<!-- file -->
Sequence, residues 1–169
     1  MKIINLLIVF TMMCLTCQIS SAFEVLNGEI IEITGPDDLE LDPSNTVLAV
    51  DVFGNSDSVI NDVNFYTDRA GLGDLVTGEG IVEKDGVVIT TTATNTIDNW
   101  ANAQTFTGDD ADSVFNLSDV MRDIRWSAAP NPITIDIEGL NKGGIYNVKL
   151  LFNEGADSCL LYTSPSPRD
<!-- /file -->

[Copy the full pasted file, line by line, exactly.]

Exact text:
Sequence, residues 1–169
     1  MKIINLLIVF TMMCLTCQIS SAFEVLNGEI IEITGPDDLE LDPSNTVLAV
    51  DVFGNSDSVI NDVNFYTDRA GLGDLVTGEG IVEKDGVVIT TTATNTIDNW
   101  ANAQTFTGDD ADSVFNLSDV MRDIRWSAAP NPITIDIEGL NKGGIYNVKL
   151  LFNEGADSCL LYTSPSPRD